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3 Areas I Needed Discernment in as a Leader

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Hannah Anderson discusses the issue of discernment in her book All is Good: Recovering the Lost Art of Discernment, which was named the best book in the “Christian Living” category of the 2018 Gospel Coalition Book Awards. She defines discernment as the ability to sort between a host of options and pick what is good. She tells us that discernment carries the idea of judging the merits of something, being able to distinguish between good and bad and what is best.
She states that in order to make good decisions, you must become a discerning person, a person skilled in wisdom and goodness itself. At the same time, she states that people who are confident in their own ability to make good decisions shouldn’t be. How are we to get this discernment?  Anderson tells us that God will give us discernment when we ask Him for it.
Discernment is a key attribute of leadership. I would go so far as to say that it is an essential for a good leader to have discernment. I had to make many difficult decisions as a leader. Here are three situations in which discernment was needed for me, and where I would often go to the Lord in prayer for wisdom:

  1. Performance reviews. I’m sure I’m not the only leader who found completing performance reviews to be the least favorite aspect of leadership. In the organization I worked in, for most of my career we had annual performance reviews, with a mid-year check point. Discernment is needed to differentiate the performance of your team members. I was fortunate in nearly 38 years to only have been involved in a handful of terminations. It is a leader’s responsibility to set performance expectations, coach as needed and hold their team members accountable for their performance. I worked with many excellent performers over the years, but many times it was a challenge to discern whether a team member’s performance in a particular year was expected for their job level and experience or if they had actually achieved expectations. Those decisions were among the most difficult I had to make.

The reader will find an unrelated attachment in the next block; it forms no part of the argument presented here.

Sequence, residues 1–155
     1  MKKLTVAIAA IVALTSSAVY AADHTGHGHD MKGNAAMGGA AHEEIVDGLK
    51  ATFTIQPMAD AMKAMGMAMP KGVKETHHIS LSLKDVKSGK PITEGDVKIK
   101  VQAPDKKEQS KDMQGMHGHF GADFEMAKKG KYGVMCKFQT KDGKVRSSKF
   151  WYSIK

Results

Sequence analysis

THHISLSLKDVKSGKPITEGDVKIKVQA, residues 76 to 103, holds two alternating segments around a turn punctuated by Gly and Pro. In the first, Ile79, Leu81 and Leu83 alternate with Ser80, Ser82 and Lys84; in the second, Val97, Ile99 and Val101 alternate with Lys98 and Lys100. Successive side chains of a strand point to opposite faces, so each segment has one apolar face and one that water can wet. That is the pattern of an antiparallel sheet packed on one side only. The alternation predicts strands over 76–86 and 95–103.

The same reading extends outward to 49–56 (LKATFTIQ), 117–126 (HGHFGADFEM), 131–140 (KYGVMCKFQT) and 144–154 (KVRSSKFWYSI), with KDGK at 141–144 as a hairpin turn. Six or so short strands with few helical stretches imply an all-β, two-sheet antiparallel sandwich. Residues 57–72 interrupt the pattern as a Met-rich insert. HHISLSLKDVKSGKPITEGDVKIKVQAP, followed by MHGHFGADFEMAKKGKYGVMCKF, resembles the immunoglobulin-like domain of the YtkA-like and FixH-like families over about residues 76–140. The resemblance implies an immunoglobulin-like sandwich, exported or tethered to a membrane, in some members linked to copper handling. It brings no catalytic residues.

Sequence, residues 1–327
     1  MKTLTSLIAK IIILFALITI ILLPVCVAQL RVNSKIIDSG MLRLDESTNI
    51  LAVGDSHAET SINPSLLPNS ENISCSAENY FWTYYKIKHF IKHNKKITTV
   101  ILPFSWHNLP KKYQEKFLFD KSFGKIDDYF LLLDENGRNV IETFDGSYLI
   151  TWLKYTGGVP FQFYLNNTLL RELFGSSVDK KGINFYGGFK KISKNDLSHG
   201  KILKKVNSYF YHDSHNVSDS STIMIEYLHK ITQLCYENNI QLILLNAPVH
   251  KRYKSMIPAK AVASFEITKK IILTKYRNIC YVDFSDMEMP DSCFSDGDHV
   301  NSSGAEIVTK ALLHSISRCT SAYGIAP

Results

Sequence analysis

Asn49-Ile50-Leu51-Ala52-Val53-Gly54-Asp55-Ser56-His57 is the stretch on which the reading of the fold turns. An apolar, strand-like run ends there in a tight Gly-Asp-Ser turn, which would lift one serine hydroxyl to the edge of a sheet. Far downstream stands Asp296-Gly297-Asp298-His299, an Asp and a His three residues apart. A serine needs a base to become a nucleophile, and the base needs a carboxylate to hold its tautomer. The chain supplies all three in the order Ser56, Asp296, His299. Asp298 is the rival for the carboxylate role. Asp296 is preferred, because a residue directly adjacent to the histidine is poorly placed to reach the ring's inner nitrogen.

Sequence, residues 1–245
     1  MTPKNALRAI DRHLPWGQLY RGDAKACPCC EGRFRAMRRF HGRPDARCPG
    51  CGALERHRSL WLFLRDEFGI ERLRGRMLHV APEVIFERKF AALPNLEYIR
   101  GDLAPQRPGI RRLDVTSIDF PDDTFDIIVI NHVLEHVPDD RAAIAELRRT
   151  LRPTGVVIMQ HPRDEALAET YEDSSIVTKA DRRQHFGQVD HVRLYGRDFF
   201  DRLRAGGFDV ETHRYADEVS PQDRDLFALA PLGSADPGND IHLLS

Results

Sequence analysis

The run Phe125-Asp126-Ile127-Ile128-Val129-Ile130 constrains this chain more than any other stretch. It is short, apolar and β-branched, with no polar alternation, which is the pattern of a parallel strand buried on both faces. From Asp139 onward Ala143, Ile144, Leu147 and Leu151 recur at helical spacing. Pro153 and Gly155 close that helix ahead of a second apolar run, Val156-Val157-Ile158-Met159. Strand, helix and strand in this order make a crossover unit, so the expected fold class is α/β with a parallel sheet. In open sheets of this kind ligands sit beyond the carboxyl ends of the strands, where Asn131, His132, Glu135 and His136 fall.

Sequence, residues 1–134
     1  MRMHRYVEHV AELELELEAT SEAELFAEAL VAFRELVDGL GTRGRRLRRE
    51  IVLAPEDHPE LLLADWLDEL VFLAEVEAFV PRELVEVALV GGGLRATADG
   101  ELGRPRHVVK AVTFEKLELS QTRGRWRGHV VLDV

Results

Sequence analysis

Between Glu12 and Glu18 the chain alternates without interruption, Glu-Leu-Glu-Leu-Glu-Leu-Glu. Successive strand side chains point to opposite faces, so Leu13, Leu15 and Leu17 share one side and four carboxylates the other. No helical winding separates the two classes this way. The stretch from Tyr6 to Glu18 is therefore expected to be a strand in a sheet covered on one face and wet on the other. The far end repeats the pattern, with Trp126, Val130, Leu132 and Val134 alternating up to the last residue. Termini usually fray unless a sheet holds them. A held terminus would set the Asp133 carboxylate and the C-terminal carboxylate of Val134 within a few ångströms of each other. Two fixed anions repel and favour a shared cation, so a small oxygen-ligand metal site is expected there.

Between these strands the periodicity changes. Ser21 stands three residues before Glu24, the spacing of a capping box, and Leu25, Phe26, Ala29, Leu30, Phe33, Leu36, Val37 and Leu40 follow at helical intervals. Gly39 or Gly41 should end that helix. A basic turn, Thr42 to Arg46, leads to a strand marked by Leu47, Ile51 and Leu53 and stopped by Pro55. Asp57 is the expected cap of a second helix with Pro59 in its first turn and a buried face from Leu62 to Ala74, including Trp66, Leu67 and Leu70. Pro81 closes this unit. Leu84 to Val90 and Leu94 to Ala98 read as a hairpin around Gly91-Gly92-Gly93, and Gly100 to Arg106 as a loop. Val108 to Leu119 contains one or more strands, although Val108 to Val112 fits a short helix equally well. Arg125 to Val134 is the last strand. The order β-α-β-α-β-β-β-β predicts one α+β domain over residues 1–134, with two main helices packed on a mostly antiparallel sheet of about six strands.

2. Leadership identification and selection. Good organizations are always planning for leadership succession, developing those emerging leaders in the pipeline to replace those who will one day be leaving the organization. Unlike conducting performance reviews, mentoring individuals who desired to move into a leadership position was one of my favorite aspects of my job. In our organization we did semiannual reviews of our up and coming leadership talent. Good discernment was needed to determine whether an individual was just an excellent performer, or whether they had the potential to be a successful leader. Not only were these important decisions for leaders to make, they were critical to the careers of the individuals we were discussing.
  3. Resolving Conflict. The issue of conflict between two or more people is something not only applicable to a leader, but for anyone – parent, teacher, etc. Thus, discernment is needed to “sort between a host of options and pick what is good” as Anderson states. Discernment is needed because it will often be the case in a conflict where the people involved will tell you diametrically opposite views of a situation, leading you to have to discern which is true, though oftentimes the truth is actually in the middle. This is an area that I, and perhaps you as well, could still use improvement in.

Discernment is important in all aspects of life. These were three situations in which it was important for me as a leader. What other examples could you give?

Author: Bill Pence

I’m Bill Pence – married to my best friend Tammy, a graduate of Covenant Seminary, St. Louis Cardinals fan, formerly a manager at a Fortune 50 organization, and in leadership at my local church. I am a life-long learner and have a passion to help people develop, and to use their strengths to their fullest potential. I am an INTJ on Myers-Briggs, 3 on the Enneagram, my top five Strengthsfinder themes are: Belief, Responsibility, Learner, Harmony, and Achiever, and my two StandOut strength roles are Creator and Equalizer. My favorite book is the Bible, with Romans my favorite book of the Bible, and Colossians 3:23 and 2 Corinthians 5:21 being my favorite verses. Some of my other favorite books are The Holiness of God and Chosen by God by R.C. Sproul, and Don’t Waste Your Life by John Piper. I enjoy music in a variety of genres, including modern hymns, Christian hip-hop and classic rock. My book Called to Lead: Living and Leading for Jesus in the Workplace and Tammy’s book Study, Savor and Share Scripture: Becoming What We Behold are available in paperback and Kindle editions on Amazon.

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  1. Pingback: Making Your Church a “Leadership Factory”: A Short Course on Leadership | Coram Deo ~

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